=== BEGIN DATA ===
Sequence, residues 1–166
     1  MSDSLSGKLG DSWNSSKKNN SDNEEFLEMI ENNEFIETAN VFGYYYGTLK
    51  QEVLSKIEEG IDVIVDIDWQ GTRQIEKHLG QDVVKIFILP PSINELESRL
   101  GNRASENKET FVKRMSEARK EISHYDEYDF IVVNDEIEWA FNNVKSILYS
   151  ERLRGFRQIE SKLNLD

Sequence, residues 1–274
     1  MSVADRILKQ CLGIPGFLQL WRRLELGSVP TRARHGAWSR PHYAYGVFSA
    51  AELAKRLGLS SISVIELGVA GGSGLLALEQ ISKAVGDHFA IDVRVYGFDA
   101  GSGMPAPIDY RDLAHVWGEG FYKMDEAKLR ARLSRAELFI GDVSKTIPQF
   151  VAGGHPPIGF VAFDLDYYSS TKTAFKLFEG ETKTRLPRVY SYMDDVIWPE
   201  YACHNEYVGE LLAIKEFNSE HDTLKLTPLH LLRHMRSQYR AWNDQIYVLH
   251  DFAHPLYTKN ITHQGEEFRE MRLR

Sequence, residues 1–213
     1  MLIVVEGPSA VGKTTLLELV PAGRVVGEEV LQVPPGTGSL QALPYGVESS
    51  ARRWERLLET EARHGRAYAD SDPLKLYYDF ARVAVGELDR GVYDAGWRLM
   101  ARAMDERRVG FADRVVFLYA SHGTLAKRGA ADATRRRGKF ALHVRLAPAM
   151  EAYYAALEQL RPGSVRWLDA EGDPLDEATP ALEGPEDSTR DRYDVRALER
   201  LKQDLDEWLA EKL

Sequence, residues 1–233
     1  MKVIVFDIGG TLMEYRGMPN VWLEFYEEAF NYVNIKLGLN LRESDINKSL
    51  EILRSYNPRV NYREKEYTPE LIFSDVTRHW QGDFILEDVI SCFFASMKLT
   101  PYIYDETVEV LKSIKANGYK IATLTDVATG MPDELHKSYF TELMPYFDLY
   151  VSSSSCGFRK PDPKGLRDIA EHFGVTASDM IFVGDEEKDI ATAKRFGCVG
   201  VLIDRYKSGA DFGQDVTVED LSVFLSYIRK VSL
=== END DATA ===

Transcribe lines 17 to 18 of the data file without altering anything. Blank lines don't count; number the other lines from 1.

   151  EAYYAALEQL RPGSVRWLDA EGDPLDEATP ALEGPEDSTR DRYDVRALER
   201  LKQDLDEWLA EKL